Julie Farrar

Merci for all the hearts. And for the heartfelt tale.

Kristin Espinasse


Eileen, thanks for the helpful edit. Off to fix it know. And many thanks to everyone for relating to this story! I have not had the chance to add the audio file... but will try to soon. Wishing everyone a lovely afternoon or evenng (or morning, depending :-)

Patrice Mason

I like this story because it has some connections to what I am doing in my French class so this was good to see the connections.

bimbizzle

AAAAAARRRGGHHHHHGHGHH

Robert Lee Mason

Funny as it sounds, me as a fourteen year old kid understands how you feel. Going to France to visit relatives, yet not speaking a word of French and being lost in all the conversations. Thankfully i have a whole family who can speak fluent french. Me being born in Nebraska though, can not. (P.S. if you want your daughter to learn respect for their elders send her to my dad. She'll really understand then!)

Amelie

Thank you for sharing the story and pictures with us. I can really relate to this story for I am a student learning French too. It is nice to see the similarities between American and French teenagers. I really enjoy your words, pictures and stories of the day, for they give me a window into the lifestyle in France.

Florence Thompson

I enjoyed this article and learned alot, I made some connections with this story and my French class.

Pascal Easley

This is a French website, with French stuff, French words, and French fries.

michel

ive had that a lot

Sophie

I'm sorry you got in a fight with your daughter and I hope your french gets better.

yolo

my swag was beyond yolo

Louis

I liked this story. It seems like something a crazy teenager would do.

Pascal Easley

French toast, French bread, French bacon, French lemurs.

Julie Dodich

I really like the pictures that you post. I hope you and your daughter don't fight anymore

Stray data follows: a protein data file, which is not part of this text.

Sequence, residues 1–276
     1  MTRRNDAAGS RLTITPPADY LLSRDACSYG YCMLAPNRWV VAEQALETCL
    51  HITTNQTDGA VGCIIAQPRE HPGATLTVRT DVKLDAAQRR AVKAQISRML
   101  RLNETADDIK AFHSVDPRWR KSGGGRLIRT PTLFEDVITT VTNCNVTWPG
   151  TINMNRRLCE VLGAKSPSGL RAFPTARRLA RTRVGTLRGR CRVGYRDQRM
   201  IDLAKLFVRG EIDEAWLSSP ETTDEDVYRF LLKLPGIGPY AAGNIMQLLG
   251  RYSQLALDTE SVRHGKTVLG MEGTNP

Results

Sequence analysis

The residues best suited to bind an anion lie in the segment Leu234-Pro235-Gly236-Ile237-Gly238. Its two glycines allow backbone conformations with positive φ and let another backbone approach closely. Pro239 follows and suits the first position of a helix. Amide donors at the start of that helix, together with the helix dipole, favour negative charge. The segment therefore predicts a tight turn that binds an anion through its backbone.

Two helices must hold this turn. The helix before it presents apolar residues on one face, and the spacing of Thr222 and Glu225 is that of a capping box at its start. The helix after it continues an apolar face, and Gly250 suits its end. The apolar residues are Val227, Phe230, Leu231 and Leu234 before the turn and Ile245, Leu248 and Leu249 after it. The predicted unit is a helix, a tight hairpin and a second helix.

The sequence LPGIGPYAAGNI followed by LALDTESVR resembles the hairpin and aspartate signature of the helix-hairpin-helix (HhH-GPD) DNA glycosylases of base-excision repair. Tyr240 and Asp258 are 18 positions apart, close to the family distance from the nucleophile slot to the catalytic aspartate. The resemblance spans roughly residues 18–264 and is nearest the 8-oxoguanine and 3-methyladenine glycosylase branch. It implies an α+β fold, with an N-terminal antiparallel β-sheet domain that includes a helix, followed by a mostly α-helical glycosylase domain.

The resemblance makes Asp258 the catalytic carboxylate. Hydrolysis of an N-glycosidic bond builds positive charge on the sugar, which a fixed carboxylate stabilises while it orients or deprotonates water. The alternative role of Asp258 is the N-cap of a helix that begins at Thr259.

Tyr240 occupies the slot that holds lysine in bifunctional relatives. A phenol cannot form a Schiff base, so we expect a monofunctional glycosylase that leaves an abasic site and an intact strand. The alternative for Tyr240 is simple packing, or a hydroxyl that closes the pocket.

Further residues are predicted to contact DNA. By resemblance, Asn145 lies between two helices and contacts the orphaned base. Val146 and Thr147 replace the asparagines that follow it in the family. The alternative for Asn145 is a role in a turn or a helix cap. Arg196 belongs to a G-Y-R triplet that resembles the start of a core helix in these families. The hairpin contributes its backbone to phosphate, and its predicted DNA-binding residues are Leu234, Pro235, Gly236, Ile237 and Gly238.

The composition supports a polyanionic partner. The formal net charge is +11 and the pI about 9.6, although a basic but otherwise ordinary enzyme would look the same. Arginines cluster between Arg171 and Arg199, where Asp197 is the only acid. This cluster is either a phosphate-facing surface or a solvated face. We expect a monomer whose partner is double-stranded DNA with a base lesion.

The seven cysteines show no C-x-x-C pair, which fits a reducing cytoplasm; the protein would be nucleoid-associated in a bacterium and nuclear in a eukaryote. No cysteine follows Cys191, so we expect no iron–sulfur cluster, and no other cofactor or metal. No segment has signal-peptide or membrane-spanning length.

Eleonore

I think a mother daughter relationship is always like that. I know mothers are always concerned or protective of their daughter, then there comes an argument, but in the end, everything will be okay and go back to normal.

Bernadette

It is really nice to see that american teenagers and french teenagers are in some ways the same! I am also learning french so I hope that your french gets better along with mine!Thank you for sharing this story!

Alyson Lindsey

I really liked the pictures and I hate fighting with my parents also. I hope your french gets better.I really liked the pictures.

Kristin Espinasse


Wonderful to wake up to all the commments from Jeanne Engelkemeirs French class. Thank you, students! You help to keep me on my toes and I will try to do a post, soon, on French expressions and phrases used by teens. Would this be of interest? My kids are 16 and 18 years old and they think it is cool that someone their age would read my stories. (And so do I! Mille mercis encore :-)

Karen@Mignardise

A word I can relate to! For years, whenever someone has asked me if I speak French, I answer "je me debrouille". I hope I'm using the expression correctly.
Such a great blog - I always look forward to your posts. Merci.

Julia ~ Falling Off Bicycles

Wonderful wonderful writing, as always, Kristin! Bon week-end.